To move forward with my design for a three-legged stool, I had to look back to my past work. Though the above stool might look a lot like the other designs I’ve shown here, it is significantly different (or really similar if you’re familiar with my past designs).
Here are some of the major design changes and the history behind them.
- Yellow pine. I have a long history with yellow pine; it’s what we built our houses on our farm with. It’s the material I turned to in 1999 to build my third workbench (heck I used it in my first workbench, which I built with my grandfather when I was about 10). I love yellow pine for its structural characteristics and that it’s dang cheap. You can build two of these stools from an 8’-long 2×12, which is about $9 at my home center.
- Straight octagonal tapers. With my previous stool designs, I experimented with double tapers – both double-tapered octagons and double-tapered turnings. For this stool I returned to the shape I’ve used in my chairs for more than 10 years: An octagonal leg that tapers from 1-3/8” at the top to 7/8” at the floor.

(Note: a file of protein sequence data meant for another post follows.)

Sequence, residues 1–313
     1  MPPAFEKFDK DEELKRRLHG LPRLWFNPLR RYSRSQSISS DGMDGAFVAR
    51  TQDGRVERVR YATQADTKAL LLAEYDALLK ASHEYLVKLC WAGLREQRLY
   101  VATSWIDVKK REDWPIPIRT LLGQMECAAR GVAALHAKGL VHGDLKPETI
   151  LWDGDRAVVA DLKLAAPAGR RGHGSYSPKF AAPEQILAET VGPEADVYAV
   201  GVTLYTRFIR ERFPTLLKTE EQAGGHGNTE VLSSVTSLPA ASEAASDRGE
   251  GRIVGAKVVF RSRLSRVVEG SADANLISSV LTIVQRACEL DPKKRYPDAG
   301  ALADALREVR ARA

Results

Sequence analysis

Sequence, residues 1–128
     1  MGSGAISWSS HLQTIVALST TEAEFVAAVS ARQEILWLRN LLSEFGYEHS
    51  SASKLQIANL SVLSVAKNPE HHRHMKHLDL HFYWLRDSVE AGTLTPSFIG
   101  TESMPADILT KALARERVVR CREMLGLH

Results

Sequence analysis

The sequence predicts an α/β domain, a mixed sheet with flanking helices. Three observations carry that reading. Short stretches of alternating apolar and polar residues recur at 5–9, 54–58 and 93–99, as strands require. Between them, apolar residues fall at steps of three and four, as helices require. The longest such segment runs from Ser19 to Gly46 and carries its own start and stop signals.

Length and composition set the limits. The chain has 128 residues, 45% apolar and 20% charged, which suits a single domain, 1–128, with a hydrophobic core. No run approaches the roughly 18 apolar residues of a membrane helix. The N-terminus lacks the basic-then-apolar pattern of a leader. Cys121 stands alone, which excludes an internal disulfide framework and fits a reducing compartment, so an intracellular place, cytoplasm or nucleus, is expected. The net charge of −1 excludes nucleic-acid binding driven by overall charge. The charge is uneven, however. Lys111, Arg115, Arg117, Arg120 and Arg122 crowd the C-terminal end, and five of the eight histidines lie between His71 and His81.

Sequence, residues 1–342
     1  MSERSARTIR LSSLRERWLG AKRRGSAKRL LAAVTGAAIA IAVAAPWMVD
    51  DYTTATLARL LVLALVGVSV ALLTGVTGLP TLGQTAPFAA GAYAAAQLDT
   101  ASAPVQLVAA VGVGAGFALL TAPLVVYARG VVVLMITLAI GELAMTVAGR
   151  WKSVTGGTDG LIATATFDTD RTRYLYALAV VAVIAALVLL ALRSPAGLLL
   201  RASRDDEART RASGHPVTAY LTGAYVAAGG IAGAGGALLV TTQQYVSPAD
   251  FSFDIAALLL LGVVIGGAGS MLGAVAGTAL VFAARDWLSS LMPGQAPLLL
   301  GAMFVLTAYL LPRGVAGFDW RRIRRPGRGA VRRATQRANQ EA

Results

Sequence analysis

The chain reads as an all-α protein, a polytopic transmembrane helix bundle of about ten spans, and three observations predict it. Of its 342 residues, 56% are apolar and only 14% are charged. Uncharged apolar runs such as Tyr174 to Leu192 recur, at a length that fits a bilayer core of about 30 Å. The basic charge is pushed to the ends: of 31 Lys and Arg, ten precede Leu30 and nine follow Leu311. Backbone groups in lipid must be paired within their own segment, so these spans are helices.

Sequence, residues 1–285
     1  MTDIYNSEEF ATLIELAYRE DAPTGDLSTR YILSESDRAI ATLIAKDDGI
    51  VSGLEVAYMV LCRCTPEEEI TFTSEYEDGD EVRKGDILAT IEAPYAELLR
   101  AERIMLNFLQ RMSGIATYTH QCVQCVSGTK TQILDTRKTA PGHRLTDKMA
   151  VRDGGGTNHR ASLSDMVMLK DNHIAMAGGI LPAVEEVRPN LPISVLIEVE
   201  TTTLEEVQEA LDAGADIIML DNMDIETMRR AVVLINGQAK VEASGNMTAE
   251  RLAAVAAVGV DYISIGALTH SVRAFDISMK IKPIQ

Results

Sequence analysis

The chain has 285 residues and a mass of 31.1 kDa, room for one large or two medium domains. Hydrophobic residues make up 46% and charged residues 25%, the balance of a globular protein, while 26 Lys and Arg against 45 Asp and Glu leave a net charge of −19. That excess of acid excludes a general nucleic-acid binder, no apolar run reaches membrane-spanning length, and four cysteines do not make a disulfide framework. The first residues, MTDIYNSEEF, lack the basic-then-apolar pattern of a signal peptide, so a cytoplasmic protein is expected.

- A charred finish. Yellow pine is fairly homely when it’s flat sawn. And it’s homely because the earlywood and latewood are quite different in density and color. I decided to capitalize on that with some Japanese finishing techniques I’ve experimented with for more than two years. (To read more about this process, check out Seth Gould’s great article on the technique in the April 2015 issue of Popular Woodworking Magazine.)
- Lightened and simplified. I made several attempts to bulk up the undercarriage of this stool to make it indestructible. Then I went back to my mantra, thinned the legs on a prototype and found the stool was plenty strong.
The photos here are snapshots with my phone – taking pictures of three-legged things with compound angles is a challenge. It looks much more graceful in person (promise). After the glue dries, I’ll trim the tenons, touch up the finish with a gas torch, wax it and call it done.
— Christopher Schwarz